Pizza doesn't have to be fancy to be great. Delicious pies await you at Barley Bros Brewery (along with star-studded reviews and sky-high ratings), so grab a seat and dig in.
So head on over to Barley Bros Brewery, where the pizza is hot and the atmosphere's cool.
Pizza is a food staple that is done right by Barley Bros Brewery.
Kick back and enjoy flavorful tacos, burritos and chips and salsa at Casa Serrano of Lake Havasu.
A healthy lifestyle starts with the food you eat, and Casa Serrano of Lake Havasu is creating innovative healthy meals.
Find the perfect vintage to complement your meal — this restaurant offers a fine selection of wines, beers, and beyond.
This restaurant welcomes kids, too, so you can feel good about bringing the whole family.
What do you need at the end of the workweek? A happy hour at Casa Serrano of Lake Havasu.
Casa Serrano of Lake Havasu is a good restaurant to dine with a small or large group.
You may want to reserve your table for a weeknight visit since the crowds can be more intense during that part of the week.
It doesn't get much more laid-back than Casa Serrano of Lake Havasu, so dress for comfort when you come.
The food is prepared and packaged, just waiting for your pickup.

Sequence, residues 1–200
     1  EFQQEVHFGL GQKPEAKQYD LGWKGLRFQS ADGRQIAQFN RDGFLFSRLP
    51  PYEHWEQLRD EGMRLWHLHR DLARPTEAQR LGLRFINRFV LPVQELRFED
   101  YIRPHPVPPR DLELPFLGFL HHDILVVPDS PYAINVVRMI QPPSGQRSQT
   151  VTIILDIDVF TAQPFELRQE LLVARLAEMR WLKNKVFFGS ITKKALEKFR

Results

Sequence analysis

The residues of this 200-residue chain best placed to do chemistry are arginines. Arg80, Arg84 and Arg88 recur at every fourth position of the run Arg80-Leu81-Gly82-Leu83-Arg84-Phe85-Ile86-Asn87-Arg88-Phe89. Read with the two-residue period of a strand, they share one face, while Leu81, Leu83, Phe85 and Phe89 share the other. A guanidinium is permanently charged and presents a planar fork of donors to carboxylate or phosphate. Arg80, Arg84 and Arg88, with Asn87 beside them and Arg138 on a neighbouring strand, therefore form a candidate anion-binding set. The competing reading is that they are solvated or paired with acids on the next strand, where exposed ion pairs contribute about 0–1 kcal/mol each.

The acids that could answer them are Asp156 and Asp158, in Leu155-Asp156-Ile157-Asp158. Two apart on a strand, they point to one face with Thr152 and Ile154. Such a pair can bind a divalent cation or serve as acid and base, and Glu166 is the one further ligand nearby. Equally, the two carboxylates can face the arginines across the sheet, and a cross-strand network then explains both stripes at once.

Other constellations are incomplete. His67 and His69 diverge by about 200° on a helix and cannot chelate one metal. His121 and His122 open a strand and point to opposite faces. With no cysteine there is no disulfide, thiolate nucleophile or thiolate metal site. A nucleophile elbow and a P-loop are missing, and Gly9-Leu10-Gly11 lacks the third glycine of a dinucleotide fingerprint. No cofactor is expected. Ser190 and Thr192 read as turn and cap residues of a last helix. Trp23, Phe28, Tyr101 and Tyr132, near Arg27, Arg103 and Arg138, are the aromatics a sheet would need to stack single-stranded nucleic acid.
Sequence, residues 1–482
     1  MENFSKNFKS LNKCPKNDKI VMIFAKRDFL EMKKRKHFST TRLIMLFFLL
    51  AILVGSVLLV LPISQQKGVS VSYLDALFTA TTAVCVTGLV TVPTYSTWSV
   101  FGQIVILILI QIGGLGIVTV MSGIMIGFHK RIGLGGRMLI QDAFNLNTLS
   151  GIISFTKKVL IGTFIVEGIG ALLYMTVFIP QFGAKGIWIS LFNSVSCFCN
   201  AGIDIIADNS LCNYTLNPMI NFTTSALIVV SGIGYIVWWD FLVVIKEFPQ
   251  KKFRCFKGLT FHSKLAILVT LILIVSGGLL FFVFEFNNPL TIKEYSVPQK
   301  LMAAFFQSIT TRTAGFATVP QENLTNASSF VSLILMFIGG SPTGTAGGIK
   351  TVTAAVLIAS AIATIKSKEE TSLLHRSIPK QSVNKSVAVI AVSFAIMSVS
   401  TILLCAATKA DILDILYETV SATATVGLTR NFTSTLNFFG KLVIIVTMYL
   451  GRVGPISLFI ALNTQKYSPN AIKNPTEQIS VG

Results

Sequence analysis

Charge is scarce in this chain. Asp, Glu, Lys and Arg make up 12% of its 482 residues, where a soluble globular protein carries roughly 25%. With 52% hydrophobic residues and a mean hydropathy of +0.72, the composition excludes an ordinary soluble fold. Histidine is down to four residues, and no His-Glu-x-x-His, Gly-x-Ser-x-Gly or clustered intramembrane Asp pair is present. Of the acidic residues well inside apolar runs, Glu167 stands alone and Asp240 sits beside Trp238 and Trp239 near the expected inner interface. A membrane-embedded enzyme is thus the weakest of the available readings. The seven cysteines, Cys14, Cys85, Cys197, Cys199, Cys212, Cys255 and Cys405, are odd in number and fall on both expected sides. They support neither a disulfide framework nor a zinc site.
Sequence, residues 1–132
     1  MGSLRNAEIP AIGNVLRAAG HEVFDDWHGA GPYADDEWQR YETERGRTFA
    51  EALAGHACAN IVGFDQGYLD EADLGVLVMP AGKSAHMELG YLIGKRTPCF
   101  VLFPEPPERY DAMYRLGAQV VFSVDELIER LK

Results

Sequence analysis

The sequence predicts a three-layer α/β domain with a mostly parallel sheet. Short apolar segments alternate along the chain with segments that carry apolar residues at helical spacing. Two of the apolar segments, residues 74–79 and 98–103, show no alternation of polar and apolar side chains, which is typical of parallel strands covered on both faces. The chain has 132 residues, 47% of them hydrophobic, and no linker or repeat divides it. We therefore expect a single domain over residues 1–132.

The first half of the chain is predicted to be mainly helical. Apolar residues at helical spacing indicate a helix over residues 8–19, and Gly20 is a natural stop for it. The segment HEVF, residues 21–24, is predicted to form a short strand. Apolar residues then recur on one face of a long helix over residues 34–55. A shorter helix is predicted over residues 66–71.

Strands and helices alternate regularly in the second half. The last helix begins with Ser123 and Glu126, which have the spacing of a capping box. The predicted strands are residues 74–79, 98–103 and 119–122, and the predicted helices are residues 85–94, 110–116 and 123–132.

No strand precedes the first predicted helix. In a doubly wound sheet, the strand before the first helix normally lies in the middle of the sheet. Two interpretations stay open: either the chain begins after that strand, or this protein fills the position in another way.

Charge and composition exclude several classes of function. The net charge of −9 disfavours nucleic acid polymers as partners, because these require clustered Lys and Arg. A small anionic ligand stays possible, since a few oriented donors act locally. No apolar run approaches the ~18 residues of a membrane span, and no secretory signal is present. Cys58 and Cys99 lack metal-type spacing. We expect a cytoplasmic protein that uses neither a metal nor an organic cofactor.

Feed the gang at your next get-together with catering from Casa Serrano of Lake Havasu as well.
Casa Serrano of Lake Havasu's diners can safely park on the street, as well as in a nearby lot.
If your preferred mode of transit is of the two wheel variety, you're in luck — there's tons of bike parking outside the restaurant.
You can stop by at almost any time, since Casa Serrano of Lake Havasu offers breakfast, lunch, and dinner.
When you're looking to indulge in a bit of Mexican fare, there's no better place than Casa Serrano of Lake Havasu.
A delicious Mexican dish is waiting for you at Casa Serrano of Lake Havasu, so stop by today and enjoy a yummy meal.
Find all of your favorite traditional American dishes in one place at Red Onion-Breakfast and Lunch.
This restaurant also operates a bar, so a round of drinks with dinner is not out of the question.
The perfect place to take the kids, dining out at this restaurant won't cost you a sitter.
Red Onion-Breakfast and Lunch can provide comfortable seating options for parties of any size.
During the summer months, don't miss out on Red Onion-Breakfast and Lunch's outdoor patio seating.
Stay connected at no cost thanks to Red Onion-Breakfast and Lunch's wifi.
No need to dress up for a trip to Red Onion-Breakfast and Lunch — the casual restaurant encourages laid-back attire.
Enjoy mind-blowing dishes in the peace and quiet of your own home with delivery or takeout from Red Onion-Breakfast and Lunch.
Through their catering service, Red Onion-Breakfast and Lunch can also set out a delicious spread for your next party.
Both street parking and lot parking are available near Red Onion-Breakfast and Lunch.
Red Onion-Breakfast and Lunch offers outdoor bike racks for cyclists.